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Old Jewry, (London,) October 29, 1785.
Dear Sir,
OUGHT long ago to have returned thanks for your kind attention

to my last letter, by your friendly and obliging answer of the 5th July last, but I was then out upon a long tour into Scotland, Cumberland, Westmoreland, &c. for two months, and have been very much engaged since that time.

The approbation you have been pleased to express of my tract on the clection of bishops gives me particular satisfaction ; and as you have thought proper to favour me with some information on that subject, it becomes my duty to enlarge upon it, and to communicate my sentiments without reserve. Long before this time you will probably have heard of a letter which I wrote to a friend in America, expressing my doubts concerning the validity of Dr. Seabury's consecration by the nonjuring bishops in Scotland : a copy of which letter was taken (as I am informed by the clergyman to whom it was sent) in order to be laid before the convention of the Episcopal clergy of three American provinces, intendcd to be held at Philadelphia, in the last month : the result of which I earnestly wish to hear. You have intimated a probability that the people of America in a certain case, “ may think it right to elect ;" but the Episcopal clergy of America will, of course, be aware that a mere election of a presbyter to the office of a bishop, will not be sufficient to constitute the Episcopal dignity (nor to confer the kind of authority that is requisite for those who preside, according to the apostolick constitution, in the churches of Christ) without the outward form of laying on hands by other bishops, after solemn prayer for the inspiration of the holy spirit to assist and guide the elected person in the execution of such a solemn charge and trust in the church of Christ, as must render him most awfully responsible for his whole conduct before God and man!

I was anxious that this truly christian and scriptural rite of laying on hands should be communicated to the Episcopal church of America, by a channel of continuation from the apostolick times that should be as unexceptionable as possible ; and therefore I wished that the first American bishops might be consecrated by our English bishops, whose predecessors were particularly instrumental in promoting the reformation from Popery (several of them having sealed their testimony with their blood) and whose doctrine in general has ever since been limited by the test of holy scripture. The authority of the bishops of Scotland, who were ejected in the reign of King William and Queen Mary, was also equally unexceptionable at that time, as I have elsewhere declared, and though they were inhumanly persecuted during the remainder of that reign, and for a few years in the beginning of Queen Anne's reign, yet they had it in their power, soon afterwards (in the 10th year of that reign) to have continucd an unquestionable Episcopal church,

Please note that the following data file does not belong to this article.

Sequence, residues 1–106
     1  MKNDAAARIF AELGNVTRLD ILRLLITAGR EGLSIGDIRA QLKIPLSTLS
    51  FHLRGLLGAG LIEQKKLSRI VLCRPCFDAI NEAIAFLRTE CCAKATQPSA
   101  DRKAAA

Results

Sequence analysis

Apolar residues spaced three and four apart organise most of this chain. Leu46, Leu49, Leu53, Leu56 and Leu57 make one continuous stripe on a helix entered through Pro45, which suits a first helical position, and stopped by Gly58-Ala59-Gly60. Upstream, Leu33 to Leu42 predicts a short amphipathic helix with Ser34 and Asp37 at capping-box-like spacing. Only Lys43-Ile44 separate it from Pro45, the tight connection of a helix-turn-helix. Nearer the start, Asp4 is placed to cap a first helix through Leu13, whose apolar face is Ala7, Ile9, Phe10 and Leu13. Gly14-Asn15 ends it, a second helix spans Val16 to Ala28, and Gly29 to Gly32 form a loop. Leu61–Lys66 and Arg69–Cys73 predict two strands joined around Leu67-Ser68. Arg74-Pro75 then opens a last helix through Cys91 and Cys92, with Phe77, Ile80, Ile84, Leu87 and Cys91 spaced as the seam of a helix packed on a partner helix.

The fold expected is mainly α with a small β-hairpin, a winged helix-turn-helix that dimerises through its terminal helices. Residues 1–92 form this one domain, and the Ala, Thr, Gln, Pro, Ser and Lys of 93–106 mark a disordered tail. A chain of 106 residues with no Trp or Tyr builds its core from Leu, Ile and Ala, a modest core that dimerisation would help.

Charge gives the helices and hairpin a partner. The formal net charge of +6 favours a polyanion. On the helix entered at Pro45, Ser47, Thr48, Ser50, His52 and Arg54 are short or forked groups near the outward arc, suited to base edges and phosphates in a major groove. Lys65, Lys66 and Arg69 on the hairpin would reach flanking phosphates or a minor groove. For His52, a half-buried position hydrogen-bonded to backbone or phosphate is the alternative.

though not an established one ; for their meetings were tolerated, at least, and their “ letters of orders,” acknowledged and authorized by an express act of parliament in 1711 (which I have reason to believe was principally promoted by the interest and continued endeavours (for several preceding years) of my own grandfather*] on condition that they should take the oaths to the Queen, the Princess Sophia, and all the royal family. But up happily, through the unreasonable attachment of many of them (or of their successors) to the excluded Popish family, these terms were not generally complied with ; whereby they assumed the new character of Nonjurors and Jacobites, professing attachment to a foreign authority that was inimical to the established government: which unhappy disposition afforded a pretence afterwards to the enemies of the Episcopal church of Scotland to obtain a repeal of that just act, and to entirely abolish the reasonable toleration it afforded to the continuance of the Episcopal church of Scotland. (See acts xix. and xxvi. K. Geo. II. in 1746 and 1748) whereby no “ letters of orders" were allowed, but those of English or Irish bishops, after 29th September, 1748 : and this extreme severity was exerted, without making the least reserve for discriminating in favour of such Scottish bishops, or Episcopal pastors, who might have qualified themselves for toleration agreeable to the former acts, and therefore the acts of repeal were too plainly acts of unjustifiable violence, which nothing but the critical time in which they were passed (viz. during the extreme dejection of the Jacobite party by the happy suppression of the late rebellion in the heart of the kingdom) would have prorapted the opposite party in power to adopt ; nothing but an opportunity of irresistible power could have emboldened them to proceed to such cruel extremities under the external form of law! But however cruel and unjust this repeal of a mere tolera. tion may be deemed towards the more moderate part of the bishops and Episcopal pastors of Scotland, yet, it is to be feared, that by far the greatest part of them had not sufficient moderation to induce their submission to “ the powers that be," and to profess a due christian resolution to live quietly under the established government : for it appears that the professed Nonjurors were driven by the spirit of party to very unjustifiable lengths; and their attachment to the excluded family induced them (as I have been informed) to receive their Congés d’Elire from the Pretender : a practice highly derogatory to the rights of the christian church, and therefore justly exceptionable even under a protestant prince, but utterly inexcusable, when the submission was voluntary to a Popish descendant of the justly excluded family, who had not even a shadow of power or authority to enforce that undue royal interference in episcopal elections !